For once at SEC Media Days, Steve Spurrier might not have been the most exciting part of the day he showed up. Or even the most exciting figure on his team that day.
Don't take that the wrong way -- Spurrier was still the most entertaining of the four mostly dull, predictable coaches that showed up on Monday. Asked about his fiftieth high-school reunion: "It was sort of quiet," Spurrier said, drawing laughter. He added, drawing more laughter: "I thought it was going to be a little louder. Looked around at 9:30, half of them had already left. I said, Where did everybody go?"
Perhaps to watch The Hit again. And The Hit is why Steve Spurrier was perhaps not the most anticipated person to visit the Wynfrey Hotel on Tuesday. That honor probably went to Jadeveon Clowney, who pureed Michigan's Vincent Smith with a tackle that has been played over and over (and over) on ESPN ever since.
The moment has vaulted Clowney into the thick of the discussion of the Heisman Trophy race, giving him a chance to bring that award to Columbia for just the second time in the program's history. And it's still getting attention.
"I was just happy at first. ... Now, it's like aw, man, it's like still going on," Clowney told reporters Tuesday.
Of course, Clowney's legend has only grown since then. Spurrier and the defensive lineman said today that Clowney ran a 4.4 40-yard dash. Clowney has begun identifying quarterbacks he believes are afraid of him -- with most of the argument raised about those comments centering around whether every quarterback is afraid of Clowney.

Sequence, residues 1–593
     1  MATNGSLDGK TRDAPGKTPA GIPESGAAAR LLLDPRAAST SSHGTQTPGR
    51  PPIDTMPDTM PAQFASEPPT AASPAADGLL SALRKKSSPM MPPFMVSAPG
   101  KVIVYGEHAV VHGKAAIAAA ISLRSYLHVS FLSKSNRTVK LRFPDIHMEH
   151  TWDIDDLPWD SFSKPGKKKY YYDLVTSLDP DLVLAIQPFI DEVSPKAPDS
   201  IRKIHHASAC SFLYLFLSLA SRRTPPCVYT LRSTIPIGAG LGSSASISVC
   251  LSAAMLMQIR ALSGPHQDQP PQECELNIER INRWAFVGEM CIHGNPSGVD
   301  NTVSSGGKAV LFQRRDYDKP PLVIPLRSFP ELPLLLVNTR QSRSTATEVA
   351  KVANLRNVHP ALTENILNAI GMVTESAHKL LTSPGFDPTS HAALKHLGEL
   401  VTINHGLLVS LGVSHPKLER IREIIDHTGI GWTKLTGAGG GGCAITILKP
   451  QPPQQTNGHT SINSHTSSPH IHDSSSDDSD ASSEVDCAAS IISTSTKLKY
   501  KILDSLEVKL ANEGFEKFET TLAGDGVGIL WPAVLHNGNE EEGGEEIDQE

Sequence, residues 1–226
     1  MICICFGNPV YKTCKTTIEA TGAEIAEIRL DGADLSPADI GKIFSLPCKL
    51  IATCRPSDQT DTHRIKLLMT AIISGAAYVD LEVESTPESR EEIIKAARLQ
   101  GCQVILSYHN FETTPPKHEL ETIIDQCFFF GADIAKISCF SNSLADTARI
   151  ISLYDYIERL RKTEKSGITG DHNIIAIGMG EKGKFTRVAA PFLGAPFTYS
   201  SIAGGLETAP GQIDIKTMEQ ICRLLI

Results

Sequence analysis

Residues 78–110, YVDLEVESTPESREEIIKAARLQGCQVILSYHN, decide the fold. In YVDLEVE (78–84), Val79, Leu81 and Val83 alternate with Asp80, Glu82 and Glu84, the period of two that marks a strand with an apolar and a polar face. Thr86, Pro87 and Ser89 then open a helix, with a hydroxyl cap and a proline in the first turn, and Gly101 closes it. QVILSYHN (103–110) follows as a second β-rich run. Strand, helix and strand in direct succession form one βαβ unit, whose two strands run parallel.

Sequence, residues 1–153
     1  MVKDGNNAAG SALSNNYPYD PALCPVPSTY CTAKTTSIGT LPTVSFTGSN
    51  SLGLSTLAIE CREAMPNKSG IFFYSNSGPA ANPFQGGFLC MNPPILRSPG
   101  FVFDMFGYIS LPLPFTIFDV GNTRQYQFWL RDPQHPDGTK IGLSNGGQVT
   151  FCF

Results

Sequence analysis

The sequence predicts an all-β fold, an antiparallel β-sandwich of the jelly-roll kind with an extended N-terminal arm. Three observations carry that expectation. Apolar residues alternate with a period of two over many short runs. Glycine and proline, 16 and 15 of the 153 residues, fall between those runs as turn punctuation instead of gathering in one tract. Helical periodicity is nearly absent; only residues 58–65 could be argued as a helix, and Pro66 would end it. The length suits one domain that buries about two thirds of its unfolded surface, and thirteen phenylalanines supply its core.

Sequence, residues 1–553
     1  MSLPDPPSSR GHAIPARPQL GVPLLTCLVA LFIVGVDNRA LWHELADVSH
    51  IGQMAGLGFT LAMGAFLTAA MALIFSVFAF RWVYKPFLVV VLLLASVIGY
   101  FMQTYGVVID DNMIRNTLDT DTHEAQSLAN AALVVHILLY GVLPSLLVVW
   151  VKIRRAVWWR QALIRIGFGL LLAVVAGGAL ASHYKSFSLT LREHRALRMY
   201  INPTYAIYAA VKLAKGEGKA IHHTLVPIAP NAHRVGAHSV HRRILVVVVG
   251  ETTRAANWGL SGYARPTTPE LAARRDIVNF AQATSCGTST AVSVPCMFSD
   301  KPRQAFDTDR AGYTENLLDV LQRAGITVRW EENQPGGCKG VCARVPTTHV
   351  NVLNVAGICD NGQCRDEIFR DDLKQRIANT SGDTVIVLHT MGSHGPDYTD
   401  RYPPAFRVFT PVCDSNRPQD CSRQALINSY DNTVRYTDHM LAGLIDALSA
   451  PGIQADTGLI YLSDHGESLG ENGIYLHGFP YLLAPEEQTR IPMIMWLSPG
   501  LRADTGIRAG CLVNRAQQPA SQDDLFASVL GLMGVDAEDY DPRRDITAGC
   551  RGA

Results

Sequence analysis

And yet, even when he does that, even when he singles out a rival signal-caller as someone who fears him, Clowney seems not so much arrogant as confident.
"That was my goal, to come in and be No. 1 and leave No. 1," Clowney said. "So eveythring that's happening to me now is just the greatest feeling ever."
Spurrier applauds Clowney for largely keeping his head down during an offseason that has been, um, tumultuous for some of the other candidates for the Heisman this year. Let's just say they play in a town that rhymes with Pollege Pation.
"Jadeveon has done an excellent job staying out of the limelight all summer," Spurrier said. "He's been a good teammate. He's been there for the workouts. He's been there doing what he's supposed to do."
Hordes of reporters crowded around the Clowney's table during player interviews Tuesday, some of them undoubtedly hoping to turn Clowney into the hero in their narrative about that other SEC Heisman contender. But Clowney wouldn't bite -- saying in so many words that Johnny Manziel's business is Johnny Manziel's business -- but gave the beat writers the scrap they'll likely need to write hundreds of columns comparing the two.
"Stay off Twitter," Clowney said when asked how he kept out of trouble. "Fifty percent of that is, stay off Twitter. ... I don't know why people just tweet crazy things. All you've got to do is think about it. Everybody's going to see what you tweet."
(Clowney also said he avoided bars.)
As for The Hit, it remains a pivotal moment in the lore of the three-season, 31-win tear that the Gamecocks are currently on, and one that other players are practiced at talking about. The stories just add to the overall stature of the event.
"I actually didn't see it, I heard it," said wide receiver Bruce Ellington. "It was so loud, like, I jumped back."
Like everyone else, Ellington found out back in January that Clowney demands attention. Even if he does it in a way that's far quieter off the field than on it.